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List Of Personal Coats Of Arms Of Presidents Of The United States
Many United States
United States
presidents have borne a coat of arms; largely through inheritance, assumption, or grants from foreign heraldic authorities
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United States
Coordinates: 40°N 100°W / 40°N 100°W / 40; -100 United States
United States
of America Flag Coat of arms Motto: "In God
God
We Trust"[1][a] .mw-parser-ou
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William McKinley
William McKinley
William McKinley
(January 29, 1843 – September 14, 1901) was the 25th President of the United States, serving from March 4, 1897 until his assassination in September 1901, six months into his second term. McKinley led the nation to victory in the Spanish–American War, raised protective tariffs to promote American industry, and maintained the nation on the gold standard in a rejection of inflationary proposals. McKinley was the last president to have served in the American Civil War, and the only one to have started the war as an enlisted soldier, beginning as a private in the Union Army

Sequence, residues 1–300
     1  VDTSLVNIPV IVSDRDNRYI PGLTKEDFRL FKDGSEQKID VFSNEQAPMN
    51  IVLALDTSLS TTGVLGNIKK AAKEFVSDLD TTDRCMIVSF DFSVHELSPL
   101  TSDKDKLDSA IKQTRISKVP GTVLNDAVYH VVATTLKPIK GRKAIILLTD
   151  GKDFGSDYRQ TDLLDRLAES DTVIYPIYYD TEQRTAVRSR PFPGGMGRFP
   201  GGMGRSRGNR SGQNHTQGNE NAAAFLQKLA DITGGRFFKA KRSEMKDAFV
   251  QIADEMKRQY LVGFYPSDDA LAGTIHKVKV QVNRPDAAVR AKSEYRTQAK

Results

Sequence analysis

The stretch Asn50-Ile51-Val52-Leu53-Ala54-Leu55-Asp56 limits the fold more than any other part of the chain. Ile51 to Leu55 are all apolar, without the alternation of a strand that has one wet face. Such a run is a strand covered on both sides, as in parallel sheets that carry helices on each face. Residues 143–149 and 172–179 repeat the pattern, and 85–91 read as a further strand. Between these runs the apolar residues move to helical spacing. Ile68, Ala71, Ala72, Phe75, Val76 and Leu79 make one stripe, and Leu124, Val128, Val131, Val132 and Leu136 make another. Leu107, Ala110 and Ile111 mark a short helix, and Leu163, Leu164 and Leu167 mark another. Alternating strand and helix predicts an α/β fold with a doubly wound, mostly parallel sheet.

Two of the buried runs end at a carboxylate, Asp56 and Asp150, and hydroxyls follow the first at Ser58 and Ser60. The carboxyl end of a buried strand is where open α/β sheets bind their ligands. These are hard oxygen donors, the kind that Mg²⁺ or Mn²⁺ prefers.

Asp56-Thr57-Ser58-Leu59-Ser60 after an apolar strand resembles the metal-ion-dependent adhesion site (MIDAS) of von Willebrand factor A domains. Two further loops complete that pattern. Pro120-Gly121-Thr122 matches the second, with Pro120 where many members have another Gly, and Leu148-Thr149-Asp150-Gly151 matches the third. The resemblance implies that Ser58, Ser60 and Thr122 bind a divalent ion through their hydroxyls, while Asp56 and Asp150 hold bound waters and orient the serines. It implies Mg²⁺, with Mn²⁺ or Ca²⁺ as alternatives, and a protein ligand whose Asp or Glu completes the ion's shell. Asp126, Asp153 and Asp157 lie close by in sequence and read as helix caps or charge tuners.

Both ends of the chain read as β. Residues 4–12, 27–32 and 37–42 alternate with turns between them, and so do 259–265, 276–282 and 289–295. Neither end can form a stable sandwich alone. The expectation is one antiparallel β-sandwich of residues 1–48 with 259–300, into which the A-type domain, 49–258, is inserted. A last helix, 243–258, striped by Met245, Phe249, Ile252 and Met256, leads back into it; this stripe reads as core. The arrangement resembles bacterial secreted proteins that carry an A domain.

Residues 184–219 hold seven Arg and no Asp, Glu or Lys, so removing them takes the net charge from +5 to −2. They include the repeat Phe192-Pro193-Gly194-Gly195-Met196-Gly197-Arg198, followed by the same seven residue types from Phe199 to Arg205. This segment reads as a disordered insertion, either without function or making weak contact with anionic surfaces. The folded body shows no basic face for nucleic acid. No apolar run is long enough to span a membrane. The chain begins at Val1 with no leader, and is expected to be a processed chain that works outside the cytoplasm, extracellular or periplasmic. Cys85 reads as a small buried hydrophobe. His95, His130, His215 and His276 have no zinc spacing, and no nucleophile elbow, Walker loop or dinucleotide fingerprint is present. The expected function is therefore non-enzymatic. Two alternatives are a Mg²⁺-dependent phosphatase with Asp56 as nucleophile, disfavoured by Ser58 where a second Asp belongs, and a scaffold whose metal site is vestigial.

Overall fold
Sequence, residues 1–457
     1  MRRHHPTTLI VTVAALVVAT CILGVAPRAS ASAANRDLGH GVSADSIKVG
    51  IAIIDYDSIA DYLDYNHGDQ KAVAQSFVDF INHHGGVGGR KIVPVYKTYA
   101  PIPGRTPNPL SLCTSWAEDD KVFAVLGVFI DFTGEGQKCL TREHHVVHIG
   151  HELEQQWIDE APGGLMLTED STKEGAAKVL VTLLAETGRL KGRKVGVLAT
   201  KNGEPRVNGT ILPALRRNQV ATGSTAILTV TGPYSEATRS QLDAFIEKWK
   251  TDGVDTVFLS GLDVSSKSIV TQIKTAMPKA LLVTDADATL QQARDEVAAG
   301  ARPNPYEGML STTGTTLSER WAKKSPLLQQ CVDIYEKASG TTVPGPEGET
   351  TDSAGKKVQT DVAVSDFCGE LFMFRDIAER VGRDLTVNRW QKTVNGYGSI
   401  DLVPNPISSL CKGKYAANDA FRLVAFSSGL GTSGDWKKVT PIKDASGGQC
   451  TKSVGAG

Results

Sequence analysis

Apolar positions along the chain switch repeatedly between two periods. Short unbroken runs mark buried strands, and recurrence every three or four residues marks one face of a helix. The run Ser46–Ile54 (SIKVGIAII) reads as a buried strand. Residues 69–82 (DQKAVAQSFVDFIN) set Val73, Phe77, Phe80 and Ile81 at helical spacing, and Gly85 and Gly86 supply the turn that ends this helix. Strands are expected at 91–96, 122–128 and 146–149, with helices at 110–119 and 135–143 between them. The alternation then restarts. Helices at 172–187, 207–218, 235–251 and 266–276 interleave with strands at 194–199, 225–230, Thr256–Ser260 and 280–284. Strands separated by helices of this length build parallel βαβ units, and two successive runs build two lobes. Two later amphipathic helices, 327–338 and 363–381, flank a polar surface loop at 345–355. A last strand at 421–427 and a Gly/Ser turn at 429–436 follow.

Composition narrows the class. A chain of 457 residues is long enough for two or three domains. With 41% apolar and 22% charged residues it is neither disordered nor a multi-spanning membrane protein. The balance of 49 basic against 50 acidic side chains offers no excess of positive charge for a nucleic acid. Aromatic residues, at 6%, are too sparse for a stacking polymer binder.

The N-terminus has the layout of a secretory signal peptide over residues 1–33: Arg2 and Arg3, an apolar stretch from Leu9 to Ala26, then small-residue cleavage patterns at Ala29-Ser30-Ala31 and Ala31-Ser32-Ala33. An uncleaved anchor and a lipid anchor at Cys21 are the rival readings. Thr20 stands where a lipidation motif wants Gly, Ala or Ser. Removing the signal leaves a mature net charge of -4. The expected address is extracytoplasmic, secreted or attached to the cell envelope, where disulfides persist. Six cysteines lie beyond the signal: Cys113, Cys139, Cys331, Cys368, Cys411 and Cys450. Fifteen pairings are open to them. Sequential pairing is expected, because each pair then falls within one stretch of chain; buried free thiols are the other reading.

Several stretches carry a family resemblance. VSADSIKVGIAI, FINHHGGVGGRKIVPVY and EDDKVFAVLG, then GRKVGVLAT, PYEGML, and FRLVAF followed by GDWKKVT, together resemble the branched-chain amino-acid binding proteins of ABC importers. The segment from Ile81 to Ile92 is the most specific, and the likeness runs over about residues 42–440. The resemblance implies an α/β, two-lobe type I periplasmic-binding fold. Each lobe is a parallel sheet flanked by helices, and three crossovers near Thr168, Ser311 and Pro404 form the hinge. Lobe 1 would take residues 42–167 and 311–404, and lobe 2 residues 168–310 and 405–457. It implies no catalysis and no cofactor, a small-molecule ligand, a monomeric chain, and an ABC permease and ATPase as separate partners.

Union Army
and ending as a brevet major. After the war, he settled in Canton, Ohio, where he practiced law and married Ida Saxton. In 1876, he was elected to Congress, where he became the Republican Party's expert on the protective tariff, which he promised would bring prosperity
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James Buchanan
James Buchanan
James Buchanan